HAROLD HOYTE is a name synonymous with professional journalism in his native Barbados.
He is also one of the most honoured journalists of our Caribbean Community, widely respected for his commitment to promoting ethical guidelines for elevating the profession, with which he has been involved for some 50 years, as well as an admirable regional team player in defence and preservation of press freedom.
Author of How to be a Bajan, published in 2007 when the world's cricket lovers came to this region for the historic World Cup event of that year, Harold has now further embedded the fine qualities of his journalism with his offering of a 342-page book, Eye Witness to Order and Disorder, that chronicles some 50 years of passionate and stimulating writings on social and political events and developments in Barbados.
This inspiring work by Hoyte is more descriptive than analytical, perhaps by design. A pioneering journalistic zealot, Harold and a few other like-minded colleagues, foremost among them the lawyer, now Sir Fred Gollop, were to make a reality the historic creation of the Nation publishing company.
His Eyewitness book deserves to be read by all practitioners of the journalism profession—beyond Barbados. It could be a perfect gift for the Christmas holidays and the coming New Year for book lovers with a particular interest in being familiar with pertinent aspects of Barbadian cultural and political life as evolved over the years, from 1959 and beyond independence in November 1966.
For Sir Fred, now also chairman of the regional media conglomerate, "One Caribbean Media" (OCM), Eye Witness to Order and Disorder "chronicles the significant political events of Hoyte's career (from 1959 to 2009), the personalities and issues, the triumphs and disasters. It is a literary walk, guided by a reporter with an unerring gaze and an admirable understanding of the issues of the day."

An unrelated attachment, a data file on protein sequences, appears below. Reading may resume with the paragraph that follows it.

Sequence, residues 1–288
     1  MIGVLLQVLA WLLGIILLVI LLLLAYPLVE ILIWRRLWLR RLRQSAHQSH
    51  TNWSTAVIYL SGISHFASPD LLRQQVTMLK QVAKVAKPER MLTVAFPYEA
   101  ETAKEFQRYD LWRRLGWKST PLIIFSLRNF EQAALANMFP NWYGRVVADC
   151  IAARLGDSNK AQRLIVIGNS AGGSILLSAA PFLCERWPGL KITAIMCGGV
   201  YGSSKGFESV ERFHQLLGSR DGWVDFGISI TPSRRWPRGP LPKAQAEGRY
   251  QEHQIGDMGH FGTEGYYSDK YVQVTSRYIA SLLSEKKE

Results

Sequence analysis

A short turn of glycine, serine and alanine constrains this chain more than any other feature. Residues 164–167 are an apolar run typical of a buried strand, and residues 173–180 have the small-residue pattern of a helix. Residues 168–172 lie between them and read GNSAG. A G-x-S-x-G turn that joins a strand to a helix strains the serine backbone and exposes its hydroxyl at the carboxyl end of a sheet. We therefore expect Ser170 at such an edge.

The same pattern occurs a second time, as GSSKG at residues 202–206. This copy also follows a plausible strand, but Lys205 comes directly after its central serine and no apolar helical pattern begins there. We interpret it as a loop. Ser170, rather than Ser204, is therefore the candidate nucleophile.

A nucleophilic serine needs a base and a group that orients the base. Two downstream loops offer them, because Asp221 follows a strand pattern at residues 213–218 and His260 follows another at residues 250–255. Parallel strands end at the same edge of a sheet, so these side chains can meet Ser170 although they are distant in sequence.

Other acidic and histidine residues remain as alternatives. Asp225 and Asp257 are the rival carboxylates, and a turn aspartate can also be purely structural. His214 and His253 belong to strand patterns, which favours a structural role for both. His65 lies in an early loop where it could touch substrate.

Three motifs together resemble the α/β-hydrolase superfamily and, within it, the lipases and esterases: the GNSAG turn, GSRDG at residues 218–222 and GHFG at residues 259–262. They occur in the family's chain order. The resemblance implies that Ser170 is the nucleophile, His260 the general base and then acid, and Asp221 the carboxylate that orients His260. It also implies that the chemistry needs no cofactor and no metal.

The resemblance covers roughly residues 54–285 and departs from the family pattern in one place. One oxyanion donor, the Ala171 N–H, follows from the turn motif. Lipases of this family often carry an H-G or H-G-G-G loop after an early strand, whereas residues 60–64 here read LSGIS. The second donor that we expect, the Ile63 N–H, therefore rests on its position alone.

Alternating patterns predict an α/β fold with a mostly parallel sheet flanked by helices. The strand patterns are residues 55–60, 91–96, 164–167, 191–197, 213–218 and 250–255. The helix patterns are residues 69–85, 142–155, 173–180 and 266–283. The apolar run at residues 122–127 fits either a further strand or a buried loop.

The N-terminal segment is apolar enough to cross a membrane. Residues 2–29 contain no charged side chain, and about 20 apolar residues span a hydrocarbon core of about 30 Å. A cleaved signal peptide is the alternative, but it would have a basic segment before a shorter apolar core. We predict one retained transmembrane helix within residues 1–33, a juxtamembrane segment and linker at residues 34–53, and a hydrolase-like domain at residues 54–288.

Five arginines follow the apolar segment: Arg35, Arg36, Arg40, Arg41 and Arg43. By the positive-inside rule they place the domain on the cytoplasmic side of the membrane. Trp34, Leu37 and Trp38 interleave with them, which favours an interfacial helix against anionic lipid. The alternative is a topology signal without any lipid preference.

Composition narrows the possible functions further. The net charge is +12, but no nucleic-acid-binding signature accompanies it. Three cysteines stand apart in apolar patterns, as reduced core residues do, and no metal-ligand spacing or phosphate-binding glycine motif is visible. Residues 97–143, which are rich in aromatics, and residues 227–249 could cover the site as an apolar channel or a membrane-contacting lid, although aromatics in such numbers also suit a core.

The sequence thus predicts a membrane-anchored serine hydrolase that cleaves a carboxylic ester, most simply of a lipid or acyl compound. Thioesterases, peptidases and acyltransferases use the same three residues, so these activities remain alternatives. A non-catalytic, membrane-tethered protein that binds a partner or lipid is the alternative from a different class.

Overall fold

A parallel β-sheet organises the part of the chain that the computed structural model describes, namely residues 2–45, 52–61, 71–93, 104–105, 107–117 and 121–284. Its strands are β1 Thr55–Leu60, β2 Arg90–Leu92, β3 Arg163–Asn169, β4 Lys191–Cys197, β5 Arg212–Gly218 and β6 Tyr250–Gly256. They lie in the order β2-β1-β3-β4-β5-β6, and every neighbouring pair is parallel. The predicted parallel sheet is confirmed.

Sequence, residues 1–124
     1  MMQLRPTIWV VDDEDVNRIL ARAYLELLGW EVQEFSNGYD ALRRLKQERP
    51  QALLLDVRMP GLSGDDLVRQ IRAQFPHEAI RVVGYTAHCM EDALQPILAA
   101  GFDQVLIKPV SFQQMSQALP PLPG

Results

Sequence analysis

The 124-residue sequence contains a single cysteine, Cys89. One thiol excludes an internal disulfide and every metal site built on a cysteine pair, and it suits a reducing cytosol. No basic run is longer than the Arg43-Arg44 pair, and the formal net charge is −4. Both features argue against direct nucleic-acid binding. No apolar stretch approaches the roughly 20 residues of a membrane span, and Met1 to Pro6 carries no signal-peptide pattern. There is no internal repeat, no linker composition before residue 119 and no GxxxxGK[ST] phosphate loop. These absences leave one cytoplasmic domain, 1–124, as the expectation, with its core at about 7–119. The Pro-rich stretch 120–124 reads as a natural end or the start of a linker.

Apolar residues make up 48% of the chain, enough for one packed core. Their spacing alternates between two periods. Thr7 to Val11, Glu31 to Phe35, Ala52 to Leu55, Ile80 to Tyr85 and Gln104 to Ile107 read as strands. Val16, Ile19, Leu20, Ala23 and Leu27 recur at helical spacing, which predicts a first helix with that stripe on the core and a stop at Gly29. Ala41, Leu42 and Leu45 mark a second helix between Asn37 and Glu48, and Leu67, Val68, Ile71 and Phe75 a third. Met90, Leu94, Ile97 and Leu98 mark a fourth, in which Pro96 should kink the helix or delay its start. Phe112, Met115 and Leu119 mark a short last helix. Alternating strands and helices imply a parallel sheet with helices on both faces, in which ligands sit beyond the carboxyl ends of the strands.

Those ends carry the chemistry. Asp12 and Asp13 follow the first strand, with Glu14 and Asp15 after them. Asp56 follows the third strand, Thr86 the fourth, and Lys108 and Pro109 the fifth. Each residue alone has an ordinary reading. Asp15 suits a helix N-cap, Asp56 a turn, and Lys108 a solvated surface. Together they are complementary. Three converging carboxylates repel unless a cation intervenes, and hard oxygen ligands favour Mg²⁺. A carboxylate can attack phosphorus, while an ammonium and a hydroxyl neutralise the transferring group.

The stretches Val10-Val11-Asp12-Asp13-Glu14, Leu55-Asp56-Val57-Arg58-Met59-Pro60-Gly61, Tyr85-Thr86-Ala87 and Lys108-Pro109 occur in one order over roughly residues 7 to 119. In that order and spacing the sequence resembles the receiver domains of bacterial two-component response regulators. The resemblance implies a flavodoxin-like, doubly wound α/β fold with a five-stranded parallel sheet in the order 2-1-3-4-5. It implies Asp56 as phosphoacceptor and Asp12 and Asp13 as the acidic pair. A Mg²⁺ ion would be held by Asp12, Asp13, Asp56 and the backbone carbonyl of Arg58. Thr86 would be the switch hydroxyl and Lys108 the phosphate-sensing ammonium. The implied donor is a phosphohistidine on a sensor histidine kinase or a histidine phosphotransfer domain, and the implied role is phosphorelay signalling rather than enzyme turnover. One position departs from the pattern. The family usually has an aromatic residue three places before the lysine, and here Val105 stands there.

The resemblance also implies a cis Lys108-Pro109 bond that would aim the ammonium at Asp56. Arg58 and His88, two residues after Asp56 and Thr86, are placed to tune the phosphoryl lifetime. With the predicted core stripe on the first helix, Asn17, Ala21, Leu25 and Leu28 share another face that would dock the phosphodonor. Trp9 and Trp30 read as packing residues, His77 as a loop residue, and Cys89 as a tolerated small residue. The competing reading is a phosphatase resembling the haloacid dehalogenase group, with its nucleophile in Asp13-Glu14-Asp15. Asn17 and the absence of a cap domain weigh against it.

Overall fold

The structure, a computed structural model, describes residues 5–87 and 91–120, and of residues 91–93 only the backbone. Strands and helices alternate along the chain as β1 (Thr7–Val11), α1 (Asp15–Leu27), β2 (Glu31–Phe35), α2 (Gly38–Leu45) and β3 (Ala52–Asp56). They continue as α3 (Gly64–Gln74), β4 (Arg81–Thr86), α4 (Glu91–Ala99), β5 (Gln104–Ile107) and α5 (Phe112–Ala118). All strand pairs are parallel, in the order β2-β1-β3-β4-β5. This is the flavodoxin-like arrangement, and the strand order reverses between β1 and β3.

Mixing typical candour and humility, the author himself states in the preface of this must read "ringside account of 50 engaging years", that having "often criticised our political leaders for failing to document their own period of service, it was difficult for me to side-step this (self-imposed) assignment, tedious though it was".
Personally, I found quite insightful the author's account of examples of intriguing "power plays", as listed under functioning of Parliament; his recollections of "three memorable elections"; as well as episodes of "prevarications".
The latter include Day Terror Struck (bombing of a Cubana passenger aircraft by anti-Cuba and CIA-funded terrorists over Barbados) and a Coup Attempt featuring the self-styled Barbadian "revolutionary" character, Sydney Burnett-Alleyne
However, what I consider a surprising omission, given the author's quite arresting recollections of that abominable Cubana bombing tragedy of October 6, 1976 that killed all 73 people aboard, is the absence of any mentioning of the USA's invasion of Grenada—seven years later on October 25, 1983.
I have recollections of the Nation newspaper's coverage of events prior to, during, and after that unjustified military invasion for which Barbados, under then prime minister Tom Adams, had also played a key supporting role, along with his then Jamaican counterpart, Edward Seaga.
As otherwise noted in my weekly "Our Caribbean" column in this past Weekend Nation —originally introduced by Hoyte back in 1984—I would have liked to benefit also from the author's "eye witness" account,—whatever the perspective—of the role played by the then Barbados government (of Prime Minister Adams) in the US invasion of Grenada, knowing of the trauma experienced by Barbadians of that 1976 bombing tragedy of the Cubana aircraft.
Editor's Note: Harold Hoyte is currently Editor Emeritus of the Nation newspapers and chairman of the company's board of directors, as well as a director of One Caribbean Media Ltd that includes media enterprises the Express and TV6 of Caribbean Communications Network (CCN), headquartered in Port of Spain.